The U.S. mutual fund market could hardly look less inviting to an asset management firm eyeing expansion opportunities. Investors withdrew $234 billion more from equity mutual funds than they deposited into them in 2008, according to the Investment Company Institute in Washington, as the Standard & Poors 500 index took a 38.5 percent nosedive. Still, Nomura Asset Management Co., the money management arm of Japanese brokerage Nomura Holdings, which picked up the Asia, Europe and Middle East investment banking and equities operations of the bankrupt Lehman Brothers Holdings in late September, is making its move. A global asset management firm cannot do without a presence in the worlds largest mutual fund market, says Shigeru Shinohara, president and CEO of New Yorkbased Nomura Asset Management USA. We see a long-term opportunity in the crisis.
In January, NAM USA launched nine retail funds in the U.S. that focus on global equities and Shinohara is doing it on the cheap. Five of the new funds clone the strategies that Namco uses for the $200 billion in mainly institutional money it manages from its offices in London, Hong Kong, Singapore and Tokyo. Three others replicate funds managed by two subadvisers. The remaining one is the $179 million-in-assets Japan Fund, which was managed by Fidelity Investments in Boston until NAM USA won the contract in June 2008. Shinohara says the fund board cited Fidelitys volatile performance when it made the decision to switch. Nomura seeded the eight other funds with $5 million each, bringing its total U.S. assets under management to $219 million.
NAM USA will use the Japan Fund to provide the three-year track record needed for funds to get noticed in the U.S. One industry expert says that even though Shinohara is a new player in a crowded market, his plan could work. If the anticipated market cycles cooperate, returns are competitive, strong distribution agreements can be reached and Nomura is committed to marketing, success could be attained despite being a new player, says Jeffrey Keil, principal of Keil Fiduciary Strategies, a Littleton, Colorado, firm that advises independent mutual fund boards.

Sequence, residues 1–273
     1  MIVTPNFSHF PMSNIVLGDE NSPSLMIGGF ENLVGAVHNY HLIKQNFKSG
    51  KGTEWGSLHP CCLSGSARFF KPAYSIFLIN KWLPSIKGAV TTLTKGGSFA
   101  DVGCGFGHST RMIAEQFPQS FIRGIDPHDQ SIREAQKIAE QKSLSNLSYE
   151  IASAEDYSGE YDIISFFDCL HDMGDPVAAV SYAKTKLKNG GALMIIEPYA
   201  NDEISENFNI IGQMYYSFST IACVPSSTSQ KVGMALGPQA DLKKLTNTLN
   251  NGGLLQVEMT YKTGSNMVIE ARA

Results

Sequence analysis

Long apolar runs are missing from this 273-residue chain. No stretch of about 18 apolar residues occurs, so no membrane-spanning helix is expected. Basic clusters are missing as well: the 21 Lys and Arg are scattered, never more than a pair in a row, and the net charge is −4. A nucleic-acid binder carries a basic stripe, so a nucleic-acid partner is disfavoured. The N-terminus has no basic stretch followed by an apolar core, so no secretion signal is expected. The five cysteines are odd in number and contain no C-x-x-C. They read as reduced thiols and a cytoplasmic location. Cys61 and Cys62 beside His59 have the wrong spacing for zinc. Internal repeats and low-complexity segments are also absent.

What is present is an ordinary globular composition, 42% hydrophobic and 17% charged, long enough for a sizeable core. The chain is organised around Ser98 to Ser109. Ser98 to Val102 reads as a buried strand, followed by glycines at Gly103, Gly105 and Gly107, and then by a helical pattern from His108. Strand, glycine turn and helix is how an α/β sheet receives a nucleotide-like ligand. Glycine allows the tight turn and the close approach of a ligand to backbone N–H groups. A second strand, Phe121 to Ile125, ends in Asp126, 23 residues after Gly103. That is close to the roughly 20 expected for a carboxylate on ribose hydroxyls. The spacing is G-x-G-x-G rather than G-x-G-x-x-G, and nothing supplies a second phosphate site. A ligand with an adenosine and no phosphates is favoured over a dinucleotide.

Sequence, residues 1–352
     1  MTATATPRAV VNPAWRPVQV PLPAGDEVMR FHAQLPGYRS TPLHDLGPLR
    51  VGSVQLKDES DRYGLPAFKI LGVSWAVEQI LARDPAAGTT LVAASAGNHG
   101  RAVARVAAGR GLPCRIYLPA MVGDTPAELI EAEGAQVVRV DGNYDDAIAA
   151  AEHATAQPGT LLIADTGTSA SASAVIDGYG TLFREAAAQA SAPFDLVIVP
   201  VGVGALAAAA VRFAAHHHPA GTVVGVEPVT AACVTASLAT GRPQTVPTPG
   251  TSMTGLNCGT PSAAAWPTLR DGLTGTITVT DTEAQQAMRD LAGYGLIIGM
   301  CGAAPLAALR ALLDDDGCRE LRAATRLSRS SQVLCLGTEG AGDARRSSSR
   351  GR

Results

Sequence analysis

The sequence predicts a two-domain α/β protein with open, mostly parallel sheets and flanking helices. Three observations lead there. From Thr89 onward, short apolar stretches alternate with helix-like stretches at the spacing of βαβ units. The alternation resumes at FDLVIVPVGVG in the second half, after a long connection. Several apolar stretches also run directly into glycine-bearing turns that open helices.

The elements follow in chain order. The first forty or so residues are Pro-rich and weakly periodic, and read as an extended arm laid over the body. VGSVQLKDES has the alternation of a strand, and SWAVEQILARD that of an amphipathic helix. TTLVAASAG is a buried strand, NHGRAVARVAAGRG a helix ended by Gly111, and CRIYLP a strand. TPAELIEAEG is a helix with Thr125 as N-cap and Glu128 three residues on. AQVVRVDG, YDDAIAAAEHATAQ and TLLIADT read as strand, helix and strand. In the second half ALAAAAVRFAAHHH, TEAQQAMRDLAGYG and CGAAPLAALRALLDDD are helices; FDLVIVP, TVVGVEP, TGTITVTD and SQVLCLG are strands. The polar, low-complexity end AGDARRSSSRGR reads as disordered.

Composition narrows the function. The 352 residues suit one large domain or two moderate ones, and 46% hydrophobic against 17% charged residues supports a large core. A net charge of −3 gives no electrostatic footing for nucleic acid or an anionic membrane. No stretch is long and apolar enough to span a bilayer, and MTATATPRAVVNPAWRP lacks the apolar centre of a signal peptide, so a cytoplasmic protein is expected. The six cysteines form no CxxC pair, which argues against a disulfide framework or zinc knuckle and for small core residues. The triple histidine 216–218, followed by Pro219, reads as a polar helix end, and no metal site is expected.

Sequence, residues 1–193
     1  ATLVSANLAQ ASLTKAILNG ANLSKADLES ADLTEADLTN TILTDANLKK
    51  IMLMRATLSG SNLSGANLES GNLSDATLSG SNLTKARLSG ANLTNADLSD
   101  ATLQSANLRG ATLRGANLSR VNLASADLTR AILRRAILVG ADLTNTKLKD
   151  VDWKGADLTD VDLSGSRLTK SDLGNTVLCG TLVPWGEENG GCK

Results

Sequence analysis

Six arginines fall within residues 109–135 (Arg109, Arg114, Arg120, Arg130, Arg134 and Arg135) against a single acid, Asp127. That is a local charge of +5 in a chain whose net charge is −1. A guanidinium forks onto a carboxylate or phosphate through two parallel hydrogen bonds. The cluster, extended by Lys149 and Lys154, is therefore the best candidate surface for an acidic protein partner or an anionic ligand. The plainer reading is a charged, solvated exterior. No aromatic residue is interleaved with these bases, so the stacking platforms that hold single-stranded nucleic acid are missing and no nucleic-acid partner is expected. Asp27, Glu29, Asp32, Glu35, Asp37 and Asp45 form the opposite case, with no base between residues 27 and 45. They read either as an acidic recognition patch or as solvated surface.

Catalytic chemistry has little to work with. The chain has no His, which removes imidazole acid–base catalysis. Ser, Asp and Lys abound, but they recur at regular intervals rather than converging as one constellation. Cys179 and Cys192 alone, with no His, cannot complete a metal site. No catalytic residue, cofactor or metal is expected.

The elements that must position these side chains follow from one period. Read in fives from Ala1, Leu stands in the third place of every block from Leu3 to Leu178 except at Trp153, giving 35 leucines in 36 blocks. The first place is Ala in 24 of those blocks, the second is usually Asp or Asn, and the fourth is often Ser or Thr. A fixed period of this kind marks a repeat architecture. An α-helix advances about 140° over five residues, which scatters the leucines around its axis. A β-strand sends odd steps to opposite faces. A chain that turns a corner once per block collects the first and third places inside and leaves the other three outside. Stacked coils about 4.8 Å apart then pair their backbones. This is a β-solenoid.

First, NAM USA needs to get performance right. The institutional version of the repackaged U.S. Nomura Partners Global Alpha Equity Fund lost 49.98 percent for 2008 worse than 92 percent of competing funds, according to eVestment Alliance, a Marietta, Georgia, firm that tracks manager performance. The institutional version of the Nomura Partners International 130/30 Equity Fund was down 47.07 percent for 2008, below 99 percent of competing funds. Shinohara says both funds subadvisers had excellent long-term track records through 2007, when markets took a turn for the worse.